Letters Surgeon specialisation and operative mortality

Surgical training must ensure continued production of specialist surgeons

BMJ 2016; 354 doi: https://doi.org/10.1136/bmj.i4702 (Published 06 September 2016) Cite this as: BMJ 2016;354:i4702
  1. Helen Mohan, vice president1,
  2. Rhiannon Harries, immediate past president1,
  3. Adam Williams, president1
  1. 1Association of Surgeons in Training (ASiT), 35-43 Lincoln’s Inn Fields, London WC2A 3PE, UK
  1. president{at}asit.org

In their recent paper, Sahni and colleagues demonstrate the importance of surgeon specialisation and volume in achieving lower mortality rates.1 The Association of Surgeons in Training (ASiT) is a firm advocate for excellence in surgical training and supports training to the highest degree of specialisation.2 ASiT is concerned by proposals to change surgical training to a more generalist and less specialised curriculum after the publication of the Shape of Training report.2 3

Sahni and colleagues add weight to the argument that a shift towards generalism would not be in a surgical patient’s best interests. The outcome measure used in this paper is 30 day mortality, and the differences in relative risk are significant.1 It is imperative that such evidence is considered when redesigning surgical services and training. Training to the highest level and operating within a specialist sphere of knowledge equip surgeons to achieve the best possible outcomes for their patients.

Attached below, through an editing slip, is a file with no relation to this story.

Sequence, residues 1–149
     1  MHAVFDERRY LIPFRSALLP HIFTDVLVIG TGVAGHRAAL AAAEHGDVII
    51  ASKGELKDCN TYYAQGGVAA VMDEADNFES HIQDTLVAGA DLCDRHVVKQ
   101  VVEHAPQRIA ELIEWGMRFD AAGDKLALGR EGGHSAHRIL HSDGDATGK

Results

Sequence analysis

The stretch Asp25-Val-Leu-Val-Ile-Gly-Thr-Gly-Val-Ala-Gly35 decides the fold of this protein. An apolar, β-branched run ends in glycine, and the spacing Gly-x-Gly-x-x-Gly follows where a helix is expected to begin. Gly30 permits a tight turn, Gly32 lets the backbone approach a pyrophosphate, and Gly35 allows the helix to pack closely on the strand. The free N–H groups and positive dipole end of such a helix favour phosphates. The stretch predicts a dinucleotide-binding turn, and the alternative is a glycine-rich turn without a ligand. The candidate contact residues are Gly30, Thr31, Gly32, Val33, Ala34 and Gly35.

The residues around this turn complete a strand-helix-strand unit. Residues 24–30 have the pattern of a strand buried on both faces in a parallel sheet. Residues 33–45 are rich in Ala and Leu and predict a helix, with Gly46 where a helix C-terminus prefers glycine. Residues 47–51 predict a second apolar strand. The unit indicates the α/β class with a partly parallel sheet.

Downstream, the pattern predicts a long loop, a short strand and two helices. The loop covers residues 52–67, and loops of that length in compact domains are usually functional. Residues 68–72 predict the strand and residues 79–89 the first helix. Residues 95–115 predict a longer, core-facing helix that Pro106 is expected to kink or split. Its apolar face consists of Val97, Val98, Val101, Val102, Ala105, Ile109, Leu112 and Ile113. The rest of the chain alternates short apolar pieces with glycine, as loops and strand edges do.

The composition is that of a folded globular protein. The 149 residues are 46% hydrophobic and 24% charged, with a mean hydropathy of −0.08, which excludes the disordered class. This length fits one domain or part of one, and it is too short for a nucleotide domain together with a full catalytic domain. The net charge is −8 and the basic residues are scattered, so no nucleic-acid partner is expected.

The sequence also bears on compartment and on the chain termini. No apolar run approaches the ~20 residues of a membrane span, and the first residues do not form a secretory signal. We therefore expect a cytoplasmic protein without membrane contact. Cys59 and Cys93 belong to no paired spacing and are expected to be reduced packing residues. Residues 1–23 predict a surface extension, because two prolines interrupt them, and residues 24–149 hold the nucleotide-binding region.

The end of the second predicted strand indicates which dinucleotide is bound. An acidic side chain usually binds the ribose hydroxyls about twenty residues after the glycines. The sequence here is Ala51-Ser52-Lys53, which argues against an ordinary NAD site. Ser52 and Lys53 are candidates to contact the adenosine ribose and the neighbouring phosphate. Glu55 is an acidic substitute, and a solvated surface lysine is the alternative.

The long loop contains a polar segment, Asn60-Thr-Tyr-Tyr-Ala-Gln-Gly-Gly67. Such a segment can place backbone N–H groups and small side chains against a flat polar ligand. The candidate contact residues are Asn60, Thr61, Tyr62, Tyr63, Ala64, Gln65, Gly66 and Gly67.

We think that it is imperative to train surgical trainees to the highest possible standards in their specialty and subspecialty. A shift towards generalism in surgery raises significant patient safety issues. Rather than training surgical generalists, we should develop high quality specialist surgeons. Clear evidence shows that specialists achieve better outcomes, as confirmed by this paper from Sahni and colleagues.1 These findings must be considered when redesigning the surgical curriculum.



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